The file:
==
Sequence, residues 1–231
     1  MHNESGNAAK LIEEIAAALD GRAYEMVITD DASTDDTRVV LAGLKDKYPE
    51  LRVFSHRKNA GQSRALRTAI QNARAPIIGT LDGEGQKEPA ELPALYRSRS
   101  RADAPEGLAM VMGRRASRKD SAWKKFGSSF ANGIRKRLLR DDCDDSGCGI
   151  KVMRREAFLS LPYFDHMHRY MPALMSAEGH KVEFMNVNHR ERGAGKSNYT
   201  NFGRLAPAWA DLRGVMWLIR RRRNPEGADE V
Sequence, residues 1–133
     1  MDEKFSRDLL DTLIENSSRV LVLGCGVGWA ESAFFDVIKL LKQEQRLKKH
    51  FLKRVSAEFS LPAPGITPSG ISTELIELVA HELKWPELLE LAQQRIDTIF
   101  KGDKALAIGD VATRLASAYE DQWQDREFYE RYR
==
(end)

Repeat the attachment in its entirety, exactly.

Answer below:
Sequence, residues 1–231
     1  MHNESGNAAK LIEEIAAALD GRAYEMVITD DASTDDTRVV LAGLKDKYPE
    51  LRVFSHRKNA GQSRALRTAI QNARAPIIGT LDGEGQKEPA ELPALYRSRS
   101  RADAPEGLAM VMGRRASRKD SAWKKFGSSF ANGIRKRLLR DDCDDSGCGI
   151  KVMRREAFLS LPYFDHMHRY MPALMSAEGH KVEFMNVNHR ERGAGKSNYT
   201  NFGRLAPAWA DLRGVMWLIR RRRNPEGADE V
Sequence, residues 1–133
     1  MDEKFSRDLL DTLIENSSRV LVLGCGVGWA ESAFFDVIKL LKQEQRLKKH
    51  FLKRVSAEFS LPAPGITPSG ISTELIELVA HELKWPELLE LAQQRIDTIF
   101  KGDKALAIGD VATRLASAYE DQWQDREFYE RYR